My second-floor classroom looked out onto the quad. There was a grass courtyard nearly the size of a soccer pitch and boxed in by brick dorms and brick office and academic buildings. Morning sunlight reflected off benches that glistened with ice and snow. Christmas was a full three weeks away, but twenty inches of snow had already fallen. Parents' Weekend took place only a month earlier, when cobblestone paths were ablaze with autumn's fallen leaves and playing fields' sidelines were awash in light blue swag and proud parental voices. That seemed a distant memory.

My second-floor classroom looks out onto the quad, a grass courtyard nearly the size of a soccer pitch, boxed in by brick dorms and brick office and academic buildings. Morning sunlight reflects off benches glistening with ice and snow. Christmas is a full three weeks away, but twenty inches of snow have already fallen. Parents' Weekend – only a month ago, when cobblestone paths were ablaze with autumn's fallen leaves and playing fields' sidelines were awash in light blue swag and proud parental voices – seems a distant memory.

The differences are evident. Immediacy being the most obvious. No surprise there. But more subtly, the imagery, particularly of the final line, is punched up. The present tense version in the second paragraph is more forceful.

Now I put the challenge to you: Take a paragraph you've written recently, and rewrite it in the present tense. What differences do you find? This might serve as another technique for your toolbox. After all, a present-tense scene well-placed in a past-tense novel might heighten suspense and add to your reader's experience.

I'd love to hear readers' thoughts on this and my Type M colleagues' opinions.

Wednesday, July 20, 2016

Poirot: From Page to Screen

I love, love, love Agatha Christie. I’ve read all her books at least twice, and I enjoy the TV and movie adaptations. The version of A Caribbean Mystery featuring Helen Hayes as Miss Marple never fails to cheer me up. Yep, you know you’re a mystery writer at heart when a murder mystery makes you feel better!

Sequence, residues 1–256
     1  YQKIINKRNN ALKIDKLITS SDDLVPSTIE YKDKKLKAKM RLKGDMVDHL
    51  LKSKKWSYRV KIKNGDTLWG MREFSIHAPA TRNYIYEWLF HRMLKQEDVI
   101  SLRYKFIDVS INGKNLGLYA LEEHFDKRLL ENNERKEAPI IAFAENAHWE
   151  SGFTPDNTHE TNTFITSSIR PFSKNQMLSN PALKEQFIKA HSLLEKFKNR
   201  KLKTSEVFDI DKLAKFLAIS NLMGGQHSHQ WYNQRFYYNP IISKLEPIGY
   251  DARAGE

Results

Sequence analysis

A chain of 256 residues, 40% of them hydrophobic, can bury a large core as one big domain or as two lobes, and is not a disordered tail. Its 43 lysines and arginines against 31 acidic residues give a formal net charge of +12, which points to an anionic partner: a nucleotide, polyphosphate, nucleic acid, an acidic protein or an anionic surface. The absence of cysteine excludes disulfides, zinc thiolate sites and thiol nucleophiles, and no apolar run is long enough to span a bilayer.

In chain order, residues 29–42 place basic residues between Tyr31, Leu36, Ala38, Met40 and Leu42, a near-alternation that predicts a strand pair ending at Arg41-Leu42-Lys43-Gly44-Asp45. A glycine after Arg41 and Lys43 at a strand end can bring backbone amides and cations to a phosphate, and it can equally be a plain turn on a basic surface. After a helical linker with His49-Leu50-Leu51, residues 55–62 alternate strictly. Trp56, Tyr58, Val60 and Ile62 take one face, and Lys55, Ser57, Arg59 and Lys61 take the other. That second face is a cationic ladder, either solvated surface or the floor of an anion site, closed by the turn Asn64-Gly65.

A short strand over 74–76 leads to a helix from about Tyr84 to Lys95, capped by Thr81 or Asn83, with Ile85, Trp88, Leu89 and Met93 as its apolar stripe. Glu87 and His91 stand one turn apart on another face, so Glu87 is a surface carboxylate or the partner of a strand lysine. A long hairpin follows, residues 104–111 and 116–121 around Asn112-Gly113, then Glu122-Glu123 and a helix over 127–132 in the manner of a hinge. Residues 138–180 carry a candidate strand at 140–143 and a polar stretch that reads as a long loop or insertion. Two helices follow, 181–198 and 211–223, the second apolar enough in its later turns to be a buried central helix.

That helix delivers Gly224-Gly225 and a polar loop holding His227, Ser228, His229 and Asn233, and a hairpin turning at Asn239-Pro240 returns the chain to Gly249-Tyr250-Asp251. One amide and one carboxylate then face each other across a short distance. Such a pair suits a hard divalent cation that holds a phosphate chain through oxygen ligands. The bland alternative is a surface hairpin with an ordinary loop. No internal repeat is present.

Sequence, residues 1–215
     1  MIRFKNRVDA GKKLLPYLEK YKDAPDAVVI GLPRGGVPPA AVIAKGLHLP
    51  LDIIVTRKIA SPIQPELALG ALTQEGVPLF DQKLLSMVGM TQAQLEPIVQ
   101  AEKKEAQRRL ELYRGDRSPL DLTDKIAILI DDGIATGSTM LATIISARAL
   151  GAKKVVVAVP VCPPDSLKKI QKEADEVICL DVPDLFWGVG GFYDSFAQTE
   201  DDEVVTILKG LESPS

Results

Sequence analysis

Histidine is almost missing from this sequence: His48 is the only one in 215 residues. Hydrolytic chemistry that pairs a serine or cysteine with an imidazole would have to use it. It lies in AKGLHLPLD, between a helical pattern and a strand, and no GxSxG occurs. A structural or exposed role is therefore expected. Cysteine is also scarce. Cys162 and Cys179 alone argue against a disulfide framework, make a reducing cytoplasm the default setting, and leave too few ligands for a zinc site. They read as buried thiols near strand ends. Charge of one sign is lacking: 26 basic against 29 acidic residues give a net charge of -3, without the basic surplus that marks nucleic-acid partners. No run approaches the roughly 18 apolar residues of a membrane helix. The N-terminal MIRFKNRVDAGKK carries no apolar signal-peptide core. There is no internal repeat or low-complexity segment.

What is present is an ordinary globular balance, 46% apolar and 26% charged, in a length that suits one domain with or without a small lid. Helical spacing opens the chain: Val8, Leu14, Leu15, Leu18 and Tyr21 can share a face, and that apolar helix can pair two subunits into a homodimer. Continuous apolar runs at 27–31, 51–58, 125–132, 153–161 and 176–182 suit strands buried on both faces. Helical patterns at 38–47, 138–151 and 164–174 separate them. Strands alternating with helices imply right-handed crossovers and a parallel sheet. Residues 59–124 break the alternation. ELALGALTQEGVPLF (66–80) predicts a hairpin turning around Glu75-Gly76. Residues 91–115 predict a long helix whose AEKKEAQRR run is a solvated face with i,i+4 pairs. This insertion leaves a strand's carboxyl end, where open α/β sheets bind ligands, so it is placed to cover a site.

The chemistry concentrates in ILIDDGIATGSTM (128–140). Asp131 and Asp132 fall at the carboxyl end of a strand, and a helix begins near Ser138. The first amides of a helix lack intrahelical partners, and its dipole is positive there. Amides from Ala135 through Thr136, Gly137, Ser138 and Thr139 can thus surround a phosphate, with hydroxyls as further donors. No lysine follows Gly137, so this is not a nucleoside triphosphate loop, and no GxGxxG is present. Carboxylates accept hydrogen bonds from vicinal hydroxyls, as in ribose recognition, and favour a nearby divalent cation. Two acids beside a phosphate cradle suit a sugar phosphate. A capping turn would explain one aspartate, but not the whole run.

Even though I’ve read them all, I’m not as familiar with her short stories. I recently decided to rewatch the first season of the Poirot TV series featuring David Suchet as Poirot.

The first season is 10 episodes, each 48-51 minutes long, all adaptations of Poirot short stories. After watching each episode, I read the story it was based on to see what changes had been made.

Here’s what I noticed:

Captain Hastings and Miss Lemon are often inserted into the TV version of a story where they weren’t in the original. When this happens, there’s usually some scene at the beginning that reveals the relationship between Poirot and the two of them. I have to say, these scenes are the ones I remember the most, probably because they are great fun. And whenever a policeman was needed, Inspector Japp was always the man they called, which wasn’t necessarily true in the original story.

In a couple of the stories, The Adventure of Johnnie Waverly and The Incredible Theft, Poirot is brought in before the crime occurs in the TV version. In the original stories, he’s brought in after the kidnapping and theft, respectively.

In a few of the TV versions, when the culprit is revealed, they added a pursuit scene that wasn’t in the short story. Makes for a better visual and I have to admit is quite fun.

There’s only one story where I noticed the TV adaptation changed a clue slightly, Murder in the Mews. I think it worked out a little better.

A few of the stories collapsed a couple characters, but occasionally new characters were added.

In Four-and-Twenty Blackbirds, there were quite a few changes. Miss Lemon and Captain Hastings were added, the dinner companion was his dentist, someone’s profession was changed, the contents of a letter was changed and a visit to Scotland Yard’s new forensics lab was added.

In The King of Clubs, a famous dancer became a famous actress and the murdered man the head of a movie studio. That gave Poirot the chance to visit a film set.

Overall, they’re quite faithful to the story, keeping the solution and the murderer generally the same. I think these adaptations are great and I have no problems with the changes made. And, dare I say, they made the stories more fun to watch.